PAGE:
3. From what I understand, gamesites such as Gamespot make money off "big time advertisements", as well off of subscribers.(Any other ways?) Now my question here is, what does it take to get these "big time advertisemnets"?(IE: Nike, Pepsi etc.) How many hits does it take to get these advertisements? What do these company's actually pay?(I'm sure it varies)


This is a very open-ended question. I'd say that in general, it's very difficult to get advertisers to pay very much. Most ad-providers pay for click throughs not impressions. Even on the sites with the most ad-prone users, click-throughs are less than 1%. Therefore you need a lot of traffic before you'd get more than loose change in ad rates.

The amount paid for a click-through is generally in pence,cents or whatever. Not a lot.

Some affiliate schemes pay a commission rate for conversions instead - this is often as much as 20% (Amazon is the major player in this, but they don't pay that much I don't think).

If someone clicks on an ad, you get nothing, but if they buy something you get a major cut. This is again, unlikely to make you much money unless that product/service is something you users *really* want.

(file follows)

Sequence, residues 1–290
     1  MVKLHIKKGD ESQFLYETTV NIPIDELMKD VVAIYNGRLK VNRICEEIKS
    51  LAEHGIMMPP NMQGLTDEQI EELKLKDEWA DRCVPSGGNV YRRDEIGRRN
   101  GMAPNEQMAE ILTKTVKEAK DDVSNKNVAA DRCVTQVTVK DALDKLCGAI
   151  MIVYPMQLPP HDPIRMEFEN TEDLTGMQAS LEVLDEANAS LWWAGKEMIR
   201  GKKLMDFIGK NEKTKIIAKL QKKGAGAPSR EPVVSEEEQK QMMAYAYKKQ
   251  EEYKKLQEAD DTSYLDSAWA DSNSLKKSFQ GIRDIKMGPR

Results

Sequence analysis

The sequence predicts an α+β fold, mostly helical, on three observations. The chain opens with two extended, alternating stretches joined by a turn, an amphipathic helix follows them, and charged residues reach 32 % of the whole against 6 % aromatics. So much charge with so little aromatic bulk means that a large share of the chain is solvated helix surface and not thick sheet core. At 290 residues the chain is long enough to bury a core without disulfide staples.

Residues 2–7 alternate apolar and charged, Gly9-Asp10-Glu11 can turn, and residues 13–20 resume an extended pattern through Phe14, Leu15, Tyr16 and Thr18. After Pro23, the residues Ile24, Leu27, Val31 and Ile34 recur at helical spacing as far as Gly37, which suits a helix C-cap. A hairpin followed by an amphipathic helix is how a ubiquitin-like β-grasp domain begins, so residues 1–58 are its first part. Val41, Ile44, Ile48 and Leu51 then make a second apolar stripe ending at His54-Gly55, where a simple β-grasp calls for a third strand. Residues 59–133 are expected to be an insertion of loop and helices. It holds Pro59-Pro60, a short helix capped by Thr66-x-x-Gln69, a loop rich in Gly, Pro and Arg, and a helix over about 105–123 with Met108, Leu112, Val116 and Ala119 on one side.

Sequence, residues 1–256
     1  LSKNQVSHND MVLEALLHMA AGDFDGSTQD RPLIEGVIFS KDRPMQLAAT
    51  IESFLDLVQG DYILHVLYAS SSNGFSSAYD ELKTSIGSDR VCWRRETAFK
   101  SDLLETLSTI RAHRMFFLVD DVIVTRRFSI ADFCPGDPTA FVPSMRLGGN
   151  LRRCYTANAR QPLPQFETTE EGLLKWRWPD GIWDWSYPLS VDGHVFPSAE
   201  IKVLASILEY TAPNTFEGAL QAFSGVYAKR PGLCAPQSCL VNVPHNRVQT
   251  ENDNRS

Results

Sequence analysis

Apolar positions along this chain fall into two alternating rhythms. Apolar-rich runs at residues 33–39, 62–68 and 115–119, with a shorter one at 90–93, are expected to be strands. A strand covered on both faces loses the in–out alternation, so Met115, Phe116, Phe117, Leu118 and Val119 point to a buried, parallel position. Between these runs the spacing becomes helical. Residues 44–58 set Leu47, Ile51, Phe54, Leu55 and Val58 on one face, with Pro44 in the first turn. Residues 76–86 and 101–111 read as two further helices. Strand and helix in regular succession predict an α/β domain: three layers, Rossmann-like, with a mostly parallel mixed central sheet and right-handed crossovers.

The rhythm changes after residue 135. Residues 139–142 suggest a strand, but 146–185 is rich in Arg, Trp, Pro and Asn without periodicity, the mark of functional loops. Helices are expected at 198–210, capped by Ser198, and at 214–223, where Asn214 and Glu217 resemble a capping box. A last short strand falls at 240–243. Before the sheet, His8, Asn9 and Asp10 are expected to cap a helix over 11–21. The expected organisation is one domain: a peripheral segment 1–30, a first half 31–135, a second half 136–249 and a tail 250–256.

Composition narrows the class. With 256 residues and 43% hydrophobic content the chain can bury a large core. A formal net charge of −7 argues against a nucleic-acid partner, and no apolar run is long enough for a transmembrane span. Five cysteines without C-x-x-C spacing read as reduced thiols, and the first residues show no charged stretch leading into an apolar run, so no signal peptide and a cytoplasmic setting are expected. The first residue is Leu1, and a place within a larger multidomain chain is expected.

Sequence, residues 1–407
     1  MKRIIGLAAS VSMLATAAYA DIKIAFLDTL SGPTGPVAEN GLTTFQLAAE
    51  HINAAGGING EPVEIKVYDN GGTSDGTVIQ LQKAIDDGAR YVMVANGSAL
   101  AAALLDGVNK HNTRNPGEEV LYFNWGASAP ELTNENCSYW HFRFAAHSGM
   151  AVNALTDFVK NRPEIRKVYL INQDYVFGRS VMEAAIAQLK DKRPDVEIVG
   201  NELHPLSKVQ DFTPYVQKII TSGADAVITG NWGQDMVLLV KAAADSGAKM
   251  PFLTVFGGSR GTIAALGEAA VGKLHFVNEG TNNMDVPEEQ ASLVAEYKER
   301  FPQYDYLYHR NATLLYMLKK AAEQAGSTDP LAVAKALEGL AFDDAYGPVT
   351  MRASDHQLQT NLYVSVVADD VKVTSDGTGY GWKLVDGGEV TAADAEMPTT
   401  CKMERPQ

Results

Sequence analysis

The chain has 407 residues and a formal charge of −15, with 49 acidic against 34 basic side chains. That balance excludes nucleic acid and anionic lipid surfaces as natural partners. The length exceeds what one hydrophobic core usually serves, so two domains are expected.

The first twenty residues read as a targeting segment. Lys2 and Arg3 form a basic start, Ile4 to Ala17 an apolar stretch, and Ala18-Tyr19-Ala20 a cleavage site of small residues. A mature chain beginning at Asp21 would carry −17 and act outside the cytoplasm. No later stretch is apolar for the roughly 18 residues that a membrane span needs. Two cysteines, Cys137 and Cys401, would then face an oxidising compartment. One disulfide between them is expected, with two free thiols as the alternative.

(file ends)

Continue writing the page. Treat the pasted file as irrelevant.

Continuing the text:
Quote:

4. Any good books/sites on web design that you know of?


Books teach last year's technology (or earlier).

Quote:

5. How is web design industry?(Over crowded like other industrys?) :D


Depends whether you mean web *DESIGN* or web application development.

Web design is very overcrowded with a lot of small and not very good houses who keep their clients happy quite well and make mediocre web sites.

Almost all small web sites are built by one of these small mediocre houses.

Some of them do technical web app development as well. They're generally extremely bad at it and make applications which don't work properly (i.e. very low standards of correctness) and overcharge enormously.

But it's difficult to get any business because it's hard for a layman client to tell the difference.

Mark

Share this post


Link to post
Share on other sites
Quote:
Original post by Mistwalker
1. How do you register websites?


You don't. You register domain names and buy/hire hosting space. You can register a domain name at a gazillion different registrars.

Quote:
2. What classes/courses should I take for web design at college?(Majors etc.)